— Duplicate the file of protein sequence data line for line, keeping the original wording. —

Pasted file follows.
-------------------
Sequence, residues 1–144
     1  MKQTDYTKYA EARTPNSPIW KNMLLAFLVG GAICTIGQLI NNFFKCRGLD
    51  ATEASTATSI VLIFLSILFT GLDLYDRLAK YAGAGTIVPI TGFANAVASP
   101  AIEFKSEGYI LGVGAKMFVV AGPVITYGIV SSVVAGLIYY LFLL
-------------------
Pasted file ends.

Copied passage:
Sequence, residues 1–144
     1  MKQTDYTKYA EARTPNSPIW KNMLLAFLVG GAICTIGQLI NNFFKCRGLD
    51  ATEASTATSI VLIFLSILFT GLDLYDRLAK YAGAGTIVPI TGFANAVASP
   101  AIEFKSEGYI LGVGAKMFVV AGPVITYGIV SSVVAGLIYY LFLL